Fleming’s original concession that he’d had a phone exchange with Fischer cast a shadow on his independence and placed the issue at the center of the election campaign that’s drawn four opponents so far. Fleming’s subsequent alterations in his stories have further complicated the case—but mostly his, rather than Pécqueur’s, which was investigated independently by the Florida Highway Patrol.
Fleming did not answer his cell phone this evening, nor return a detailed message asking for comment about the FHP report. A similar message left with his spokeswoman was left unanswered.
The State Attorney released the full results of the FHP investigation, including photographs and more than a dozen recordings of investigative interviews with Jamesine Fischer, witnesses at the scene, paramedics, Pécqueur’s boyfriend, and Fleming. Fischer’s arrest last week, when she was charged with leaving the scene of an accident with a death involved, followed several attempts by the State Attorney’s office to meet with her again, for additional interviews, which she cancelled, then declined to set, the investigative report shows.
Some of the basic facts of the fatal accident on the evening of Nov. 10 are not in dispute: Francoise Pécqueur, a 76-year-old French immigrant and long-time resident of Palm Coast, was walking tiny poodle, Molly, on Columbia Lane, as she often did, within a couple of block’s distance of her boyfriend’s house. It was around 6 p.m. Fischer’s wife, Jamesine, 55, was at the wheel of her PT Cruiser, going to see a friend in the neighborhood. It was dusk or already dark. As she rounded onto Columbia Lane, she struck Pécqueur violently enough that the collision severely cracked the right side of Fischer’s PT Cruiser’s windshield, and sent cracks radiating up and across the windshield to about its midpoint. The collision was so severe that it lifted Pécqueur off one shoe and sent her almost lifeless in a swale. Pécqueur was a slight woman weighing less than 100 pounds. Fischer thought she hit a dog, and would maintain thinking so until the next morning when speaking to authorities. She never called 911, and did not tell anyone at the scene—paramedics, the person who stopped to call 911 immediately behind her, other witnesses who came to the scene—that she may have hit Pécqueur, even though the 3-pound dog she thought she’d hit was unscathed and at the scene.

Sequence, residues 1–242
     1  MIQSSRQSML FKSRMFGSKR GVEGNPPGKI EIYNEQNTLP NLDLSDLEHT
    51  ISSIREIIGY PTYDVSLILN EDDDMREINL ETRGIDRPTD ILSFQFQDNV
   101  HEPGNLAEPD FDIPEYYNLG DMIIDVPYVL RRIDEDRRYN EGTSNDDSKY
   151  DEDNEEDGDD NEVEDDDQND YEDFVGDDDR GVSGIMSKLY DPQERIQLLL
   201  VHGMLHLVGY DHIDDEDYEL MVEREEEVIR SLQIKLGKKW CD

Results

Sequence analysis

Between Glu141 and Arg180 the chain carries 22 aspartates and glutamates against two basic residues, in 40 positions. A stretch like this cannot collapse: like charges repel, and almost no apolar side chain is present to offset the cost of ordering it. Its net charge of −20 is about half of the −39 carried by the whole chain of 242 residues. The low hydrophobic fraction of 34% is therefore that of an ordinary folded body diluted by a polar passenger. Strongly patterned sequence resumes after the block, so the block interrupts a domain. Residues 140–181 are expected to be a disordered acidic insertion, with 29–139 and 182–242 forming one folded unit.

Pécqueur died about 36 hours later at Halifax Hospital.
Fleming and John Fischer are friends. The News-Journal’s Frank Fernandez got a tip that Fischer had called his friend after the crash. In an interview with Fernandez in mid-January, Fleming conceded that he’d received a phone call at about 5:30 a.m. the next morning from Fischer, or 11 ½ hours after the crash, when Fischer told him Jamesine thought she might have hit an animal. Fleming told him they should call the emergency operations number. Five hours earlier Flagler County Sheriff’s deputies and Florida Highway Patrol investigators had been to the scene and began investigating the accident as a traffic homicide investigation, because Halifax medical personnel dispelled any notion that Pécqueur’s injuries might have been from a fall. They were looking for the PT Cruiser.